December 15, 2015
MURIEL RUKEYSER (1913–80) understood poetry as a life-saving form of thought. Her abundant output of over 30 works included fifteen collections of poetry including a pioneering work of documentary poetics, Book of the Dead, about silicosis in West Virginia mines, children’s books, stage plays, and a set of biographies of figures — the scientist Willard Gibbs, the politician Wendell Wilkie, the navigator Thomas Hariot and the escape artist Harry Houdini — who allowed her to use poetic thinking as reparative interdisciplinary instrument. For Rukeyser poetry had the potential to repair the static perceptions of social thought kept in place by investments of power. She wanted to activate intellectual encounters she called “meeting places,” transforming the condition of war which she felt defined her world, into a less binary field of possibly transforming relations. Of Willard Gibbs, whose work in thermodynamics included the articulation of the phase rule, an instrument for understanding the change of states in physical chemistry, she said: “I needed a language of transformation. I needed a language of changing phase for the poem. And I needed a language that was not static, that did not see life as a series of points, but more as a language of water.” Indeed, motion was a key part of the seeing she sought to activate in the world around her. In The Life of Poetry, she draws a kinetic venn-type diagram of the interaction between artist, audience-witness, and their shared consciousness. To the side, she writes, “This diagram is false until all the components are shown in motion.”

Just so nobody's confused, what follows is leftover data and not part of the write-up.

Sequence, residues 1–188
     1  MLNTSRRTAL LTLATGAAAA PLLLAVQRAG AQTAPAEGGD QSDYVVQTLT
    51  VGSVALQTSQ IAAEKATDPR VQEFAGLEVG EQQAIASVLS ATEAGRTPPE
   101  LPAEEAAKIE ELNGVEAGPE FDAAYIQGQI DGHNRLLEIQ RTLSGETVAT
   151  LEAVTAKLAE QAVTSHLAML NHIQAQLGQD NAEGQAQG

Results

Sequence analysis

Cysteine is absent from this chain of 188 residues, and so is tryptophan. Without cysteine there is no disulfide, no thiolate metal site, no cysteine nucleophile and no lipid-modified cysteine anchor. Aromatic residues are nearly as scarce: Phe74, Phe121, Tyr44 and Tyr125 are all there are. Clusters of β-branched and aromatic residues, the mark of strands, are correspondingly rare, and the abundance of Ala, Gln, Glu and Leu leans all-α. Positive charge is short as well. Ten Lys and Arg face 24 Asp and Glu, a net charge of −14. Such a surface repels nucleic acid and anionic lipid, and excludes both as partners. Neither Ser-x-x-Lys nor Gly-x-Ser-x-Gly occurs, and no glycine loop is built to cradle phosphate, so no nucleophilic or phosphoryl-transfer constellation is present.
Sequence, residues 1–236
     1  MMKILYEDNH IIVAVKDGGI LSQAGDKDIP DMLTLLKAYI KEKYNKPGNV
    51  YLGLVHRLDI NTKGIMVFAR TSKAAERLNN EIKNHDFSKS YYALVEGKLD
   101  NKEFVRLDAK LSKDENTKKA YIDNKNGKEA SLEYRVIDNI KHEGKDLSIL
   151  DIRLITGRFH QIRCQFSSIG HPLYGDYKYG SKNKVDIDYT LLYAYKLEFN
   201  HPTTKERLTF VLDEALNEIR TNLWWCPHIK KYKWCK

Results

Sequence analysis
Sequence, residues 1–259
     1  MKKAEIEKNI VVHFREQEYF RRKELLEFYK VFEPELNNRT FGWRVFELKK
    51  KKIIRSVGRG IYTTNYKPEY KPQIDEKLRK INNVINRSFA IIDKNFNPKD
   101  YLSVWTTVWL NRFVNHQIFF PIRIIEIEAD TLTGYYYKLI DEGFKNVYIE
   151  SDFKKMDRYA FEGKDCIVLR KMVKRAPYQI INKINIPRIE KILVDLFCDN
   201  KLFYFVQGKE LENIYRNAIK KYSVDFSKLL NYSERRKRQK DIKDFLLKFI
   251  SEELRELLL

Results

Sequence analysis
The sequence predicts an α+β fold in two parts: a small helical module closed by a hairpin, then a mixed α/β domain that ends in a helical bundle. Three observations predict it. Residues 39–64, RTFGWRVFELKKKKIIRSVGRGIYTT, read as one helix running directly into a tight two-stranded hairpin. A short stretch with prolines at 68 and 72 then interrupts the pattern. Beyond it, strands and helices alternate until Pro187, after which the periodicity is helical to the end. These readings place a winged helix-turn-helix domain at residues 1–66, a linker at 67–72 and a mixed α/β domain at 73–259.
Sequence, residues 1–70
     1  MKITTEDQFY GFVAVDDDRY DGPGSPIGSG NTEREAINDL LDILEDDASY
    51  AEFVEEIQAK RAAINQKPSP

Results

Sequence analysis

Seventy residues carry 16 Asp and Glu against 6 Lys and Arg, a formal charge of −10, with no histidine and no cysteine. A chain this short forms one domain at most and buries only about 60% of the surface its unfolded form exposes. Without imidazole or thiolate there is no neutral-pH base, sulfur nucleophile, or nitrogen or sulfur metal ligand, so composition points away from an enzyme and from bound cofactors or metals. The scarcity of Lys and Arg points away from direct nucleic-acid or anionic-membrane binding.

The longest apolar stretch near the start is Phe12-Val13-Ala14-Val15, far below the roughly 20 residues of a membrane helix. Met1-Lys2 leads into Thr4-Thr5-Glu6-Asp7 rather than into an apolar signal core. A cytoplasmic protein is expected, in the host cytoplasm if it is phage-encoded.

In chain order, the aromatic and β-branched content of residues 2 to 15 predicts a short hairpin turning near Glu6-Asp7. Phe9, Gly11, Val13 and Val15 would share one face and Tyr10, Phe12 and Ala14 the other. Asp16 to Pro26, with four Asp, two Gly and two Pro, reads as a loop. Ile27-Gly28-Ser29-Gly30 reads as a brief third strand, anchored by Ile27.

Sleepytime Gorilla Museum’s setting of Rukeyser’s poem “Gunday’s Child”
READ MORE about men and women born on the cusp between the Partisan (1904-13) and New God (1914-23) Generations.